A short stream of consciousness about the impact technology has had in my life.

I cannot stop staring at this photo of a man, wearing a very nice black tuxedo. He is standing, sort of halfcocked, reaching a crescendo in his mind, a breaking point. He is taking his jacket off; he is standing in a room with solid brown hardwood floors and a white wall. On the floor beside him, buckets of paint and various paint tools that have been dropped there in a moment of madness, desperation. He is, like me, a man about to be unleashed, and the beauty of the moment is not in what he will paint, but in the fact that he wants to. The painting that I love is aptly named something fitting, maybe, potential, and please, if you will, make it for me. I would love to see it. Maybe it is already out there.

It is not only the corona virus that has me crazy, but this will that is stirring in me. A desire to explore our world philosophically, and not explicitly tied to anyone set of rules. I think it is weird in academics and art alike, we must learn the rules before we learn how to break them. I don’t really know why we must even ever learn the rules at all. In reflection, I spent all my most energetic and wild years learning rules and pursuing degrees that it doesn’t seem that I will ever put to good use. Almost as if they beat out of me the very things that made me love who I am. I mean, I am obviously not a big fan of the whole of the system.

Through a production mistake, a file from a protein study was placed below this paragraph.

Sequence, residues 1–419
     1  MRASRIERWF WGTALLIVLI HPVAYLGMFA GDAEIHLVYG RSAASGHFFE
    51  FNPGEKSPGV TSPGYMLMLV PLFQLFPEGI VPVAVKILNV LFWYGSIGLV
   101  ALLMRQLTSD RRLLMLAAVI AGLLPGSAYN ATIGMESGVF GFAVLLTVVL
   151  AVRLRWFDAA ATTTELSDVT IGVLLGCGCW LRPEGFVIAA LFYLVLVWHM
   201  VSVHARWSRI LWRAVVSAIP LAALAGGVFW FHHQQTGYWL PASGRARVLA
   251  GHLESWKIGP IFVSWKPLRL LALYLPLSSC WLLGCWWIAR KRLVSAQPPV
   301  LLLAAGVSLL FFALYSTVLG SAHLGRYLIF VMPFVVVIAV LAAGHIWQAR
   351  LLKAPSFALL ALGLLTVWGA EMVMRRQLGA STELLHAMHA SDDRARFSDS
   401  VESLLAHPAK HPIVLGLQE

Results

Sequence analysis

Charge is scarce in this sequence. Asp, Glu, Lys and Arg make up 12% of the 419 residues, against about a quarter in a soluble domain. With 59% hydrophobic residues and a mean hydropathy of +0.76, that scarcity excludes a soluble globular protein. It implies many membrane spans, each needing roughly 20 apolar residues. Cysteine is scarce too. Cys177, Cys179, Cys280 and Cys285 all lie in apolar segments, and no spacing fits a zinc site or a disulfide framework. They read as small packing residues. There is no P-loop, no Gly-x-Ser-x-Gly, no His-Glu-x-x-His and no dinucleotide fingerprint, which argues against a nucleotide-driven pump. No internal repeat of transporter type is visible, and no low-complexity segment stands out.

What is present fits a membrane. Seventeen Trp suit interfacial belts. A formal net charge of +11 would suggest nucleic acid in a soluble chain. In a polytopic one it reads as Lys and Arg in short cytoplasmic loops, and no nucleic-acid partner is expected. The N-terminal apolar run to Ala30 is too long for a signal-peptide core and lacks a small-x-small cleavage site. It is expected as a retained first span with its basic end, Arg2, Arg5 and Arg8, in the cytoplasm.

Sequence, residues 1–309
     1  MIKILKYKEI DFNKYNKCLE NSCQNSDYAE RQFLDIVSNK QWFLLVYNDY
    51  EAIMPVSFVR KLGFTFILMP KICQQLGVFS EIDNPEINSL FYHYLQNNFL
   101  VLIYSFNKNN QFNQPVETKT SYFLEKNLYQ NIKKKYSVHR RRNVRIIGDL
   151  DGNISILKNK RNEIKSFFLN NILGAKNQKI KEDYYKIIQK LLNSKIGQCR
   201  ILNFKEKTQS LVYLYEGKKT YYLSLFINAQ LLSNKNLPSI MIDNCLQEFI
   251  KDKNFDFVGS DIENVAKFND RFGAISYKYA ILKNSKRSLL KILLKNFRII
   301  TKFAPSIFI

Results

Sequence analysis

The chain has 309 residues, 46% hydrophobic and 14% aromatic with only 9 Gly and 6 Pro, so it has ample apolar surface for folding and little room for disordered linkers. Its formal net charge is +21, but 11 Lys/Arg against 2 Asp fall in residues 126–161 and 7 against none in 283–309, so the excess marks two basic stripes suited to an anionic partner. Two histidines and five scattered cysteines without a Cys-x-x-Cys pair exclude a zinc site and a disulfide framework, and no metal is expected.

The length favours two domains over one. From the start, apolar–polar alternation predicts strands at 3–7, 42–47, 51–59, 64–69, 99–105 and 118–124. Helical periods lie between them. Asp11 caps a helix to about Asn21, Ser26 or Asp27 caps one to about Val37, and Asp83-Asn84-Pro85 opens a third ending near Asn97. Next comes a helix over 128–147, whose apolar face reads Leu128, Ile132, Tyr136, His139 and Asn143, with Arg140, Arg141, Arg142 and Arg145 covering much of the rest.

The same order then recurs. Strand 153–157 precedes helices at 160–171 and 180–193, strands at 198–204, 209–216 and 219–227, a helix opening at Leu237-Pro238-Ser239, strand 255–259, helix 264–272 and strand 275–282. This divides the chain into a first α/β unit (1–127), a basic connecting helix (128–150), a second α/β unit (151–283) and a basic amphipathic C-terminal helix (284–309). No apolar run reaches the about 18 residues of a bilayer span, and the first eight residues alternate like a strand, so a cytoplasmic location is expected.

Up to this point, I’ve enjoyed the comforts of technology, the tension laden peace of globalization, the comforts of industry delivered to my American home. I’m in awe at the possibilities of Artificial Intelligence, Genetic Engineering, Nano Technology, Energy Alternatives, and Space Exploration. I mean, who isn’t?! These things are happening, right now! So, cool. But… there is the real, the right now to consider, you know? The constant distraction of cell phones and computers and video games and the incessant costs of subscriptions and passwords and privacy settings and social media…it’s like a parade of stupidity and narcissism, violence, and sensation, and I spend time on it…to keep the advertisers pockets full, the industry flowing, and the money pouring in and out the sewer system.